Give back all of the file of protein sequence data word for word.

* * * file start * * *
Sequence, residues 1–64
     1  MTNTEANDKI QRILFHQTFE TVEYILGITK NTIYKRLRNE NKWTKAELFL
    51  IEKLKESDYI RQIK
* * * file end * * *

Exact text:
Sequence, residues 1–64
     1  MTNTEANDKI QRILFHQTFE TVEYILGITK NTIYKRLRNE NKWTKAELFL
    51  IEKLKESDYI RQIK